Many years later, I struggled to understand photographers’ fascination with such dioramas. On the one hand, they make for handy pictures — someone essentially stages a picture for you; on the other hand, what exactly do you bring to the scene as a photographer? Showing the constructedness and artifice is good, but it’s also very reductive. I don’t think anyone would look at such pictures and suddenly reach a form of satori about natural-history museums (“Oh now I get it! It’s all fake! That never occurred to me!”).
Of all the books I have seen that focus on the above, João Paulo Serafim‘s A Certain Idea of a Natural History goes furthest in terms of trying to bring the various threads together. While it contains a number of photographs from natural-history museums, there are just enough hints of some of the darker aspects of the Western tradition of trying to understand in tandem with exploiting the world (I should add that these come across in the book but not so much in the web page). But I’m also thinking that the work probably could have gone even further in that quest.
In addition, I can’t help but feel that contemporary photography’s currently dominant instinct to produce a certain type of clever stylishness almost by construction keeps things at arm’s length (maybe the most extreme example of what I’m talking about is the work coming out of ECAL). Of course, acquiring such skills is good for photographers who want to move on to produce advertising photography.
But now such advertising photography seeps more and more into photographic institutions. Many young curators love it because it allows them to show work that is critical of certain broadly defined themes without offending the wealthy patrons and corporations that fund the institutions they work at.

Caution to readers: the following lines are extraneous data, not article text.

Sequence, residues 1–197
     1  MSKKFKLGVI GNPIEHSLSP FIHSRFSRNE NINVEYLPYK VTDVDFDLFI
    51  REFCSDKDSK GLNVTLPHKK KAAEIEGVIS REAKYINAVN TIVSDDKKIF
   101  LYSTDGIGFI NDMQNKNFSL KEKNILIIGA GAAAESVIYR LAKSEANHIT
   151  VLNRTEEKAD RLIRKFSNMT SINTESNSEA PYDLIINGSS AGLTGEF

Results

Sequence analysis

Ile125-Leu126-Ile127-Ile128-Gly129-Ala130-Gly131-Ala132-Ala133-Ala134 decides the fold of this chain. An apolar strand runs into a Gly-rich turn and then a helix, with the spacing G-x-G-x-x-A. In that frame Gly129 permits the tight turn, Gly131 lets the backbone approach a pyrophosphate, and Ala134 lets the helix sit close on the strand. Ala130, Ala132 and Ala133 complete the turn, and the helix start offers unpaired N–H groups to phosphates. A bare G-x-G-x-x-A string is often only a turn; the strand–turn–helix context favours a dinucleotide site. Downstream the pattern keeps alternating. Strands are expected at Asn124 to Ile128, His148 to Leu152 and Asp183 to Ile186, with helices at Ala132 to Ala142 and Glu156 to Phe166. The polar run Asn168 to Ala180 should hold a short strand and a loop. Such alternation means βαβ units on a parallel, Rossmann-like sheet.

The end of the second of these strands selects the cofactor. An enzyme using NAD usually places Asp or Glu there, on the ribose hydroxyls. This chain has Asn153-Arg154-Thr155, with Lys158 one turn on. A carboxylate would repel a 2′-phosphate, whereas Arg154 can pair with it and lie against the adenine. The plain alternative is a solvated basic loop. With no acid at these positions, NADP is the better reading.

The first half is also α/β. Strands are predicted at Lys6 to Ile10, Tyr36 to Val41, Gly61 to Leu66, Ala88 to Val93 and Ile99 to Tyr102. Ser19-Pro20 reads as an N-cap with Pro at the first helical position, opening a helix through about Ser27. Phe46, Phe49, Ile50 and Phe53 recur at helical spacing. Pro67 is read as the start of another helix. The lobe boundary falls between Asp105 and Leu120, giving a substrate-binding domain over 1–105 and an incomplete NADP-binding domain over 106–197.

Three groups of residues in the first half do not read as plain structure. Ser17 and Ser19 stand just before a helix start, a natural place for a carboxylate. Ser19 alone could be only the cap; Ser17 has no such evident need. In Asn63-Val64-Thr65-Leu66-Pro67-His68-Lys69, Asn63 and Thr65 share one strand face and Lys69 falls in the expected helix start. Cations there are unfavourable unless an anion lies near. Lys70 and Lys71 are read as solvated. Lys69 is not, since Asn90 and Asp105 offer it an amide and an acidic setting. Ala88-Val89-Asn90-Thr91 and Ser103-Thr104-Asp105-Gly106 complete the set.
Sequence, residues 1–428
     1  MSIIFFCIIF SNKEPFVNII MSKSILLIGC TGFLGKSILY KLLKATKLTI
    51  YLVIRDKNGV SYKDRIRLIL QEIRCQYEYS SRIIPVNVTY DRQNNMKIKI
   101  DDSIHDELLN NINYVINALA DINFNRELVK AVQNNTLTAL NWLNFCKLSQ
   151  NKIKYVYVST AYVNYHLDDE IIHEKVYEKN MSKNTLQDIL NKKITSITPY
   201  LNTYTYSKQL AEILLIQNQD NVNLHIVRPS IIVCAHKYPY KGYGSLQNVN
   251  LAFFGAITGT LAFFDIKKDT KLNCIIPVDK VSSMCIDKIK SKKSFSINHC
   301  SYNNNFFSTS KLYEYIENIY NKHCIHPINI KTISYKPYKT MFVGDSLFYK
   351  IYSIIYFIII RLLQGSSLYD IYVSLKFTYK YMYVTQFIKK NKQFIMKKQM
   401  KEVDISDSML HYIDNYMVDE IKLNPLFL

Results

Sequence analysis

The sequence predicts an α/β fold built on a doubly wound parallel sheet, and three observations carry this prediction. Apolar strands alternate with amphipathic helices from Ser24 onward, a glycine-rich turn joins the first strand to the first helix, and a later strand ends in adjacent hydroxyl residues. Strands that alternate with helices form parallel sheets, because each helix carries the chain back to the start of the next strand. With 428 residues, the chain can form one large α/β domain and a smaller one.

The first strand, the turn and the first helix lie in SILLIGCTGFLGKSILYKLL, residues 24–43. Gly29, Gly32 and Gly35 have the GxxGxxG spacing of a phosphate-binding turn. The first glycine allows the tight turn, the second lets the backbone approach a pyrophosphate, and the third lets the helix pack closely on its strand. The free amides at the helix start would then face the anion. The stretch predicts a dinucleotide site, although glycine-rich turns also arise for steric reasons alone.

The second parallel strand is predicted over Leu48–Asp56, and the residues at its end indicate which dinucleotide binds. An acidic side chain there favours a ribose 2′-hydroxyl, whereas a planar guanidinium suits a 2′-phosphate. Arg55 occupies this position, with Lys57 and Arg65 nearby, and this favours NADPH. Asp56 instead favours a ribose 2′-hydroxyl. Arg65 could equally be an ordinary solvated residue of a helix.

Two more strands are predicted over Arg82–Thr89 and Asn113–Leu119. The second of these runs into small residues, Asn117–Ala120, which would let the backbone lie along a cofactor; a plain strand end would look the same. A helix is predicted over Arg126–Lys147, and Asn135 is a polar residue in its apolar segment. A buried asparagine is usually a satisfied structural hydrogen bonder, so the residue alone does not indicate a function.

Seen this way, this type of photography wouldn’t be neoliberal realism. Instead of propagating neoliberal capitalism, it merely engages in faint token criticism that demonstrates how, you see, libertarians are open to facing the issues (albeit in the most homeopathic fashion). (There probably is a good book to be written about this. If you’re interested in that, you know where/how you can find me.)
Coming back to A Certain Idea of a Natural History, the book might provide a good jump-off point for an artist (or maybe Serafim himself) to bring out the gruesome consequences of Western exploration/exploitation more. There is a picture of Brazil (a former Portuguese colony) with an arrow pointing towards Europe. There also is a stylish studio still life of the ornament that you can find at the front of Jaguar cars. But that picture is then immediately diluted by its placement next to another studio still life.
As an object, A Certain Idea of a Natural History is a very well made production by Hélice Press, a Portuguese publisher I had not heard of until the book arrived in the mail. In particular, I enjoy the attention to detail as far as layout and design are concerned. This works very well. Furthermore, I found the book listed for 25 Euros at an online book shop. I certainly appreciate the combination of a well made photobook that also is very much affordable.
A Certain Idea of a Natural History; photography by João Paulo Serafim; essay by António Guerreiro; 64 pages; Hélice Press, 2022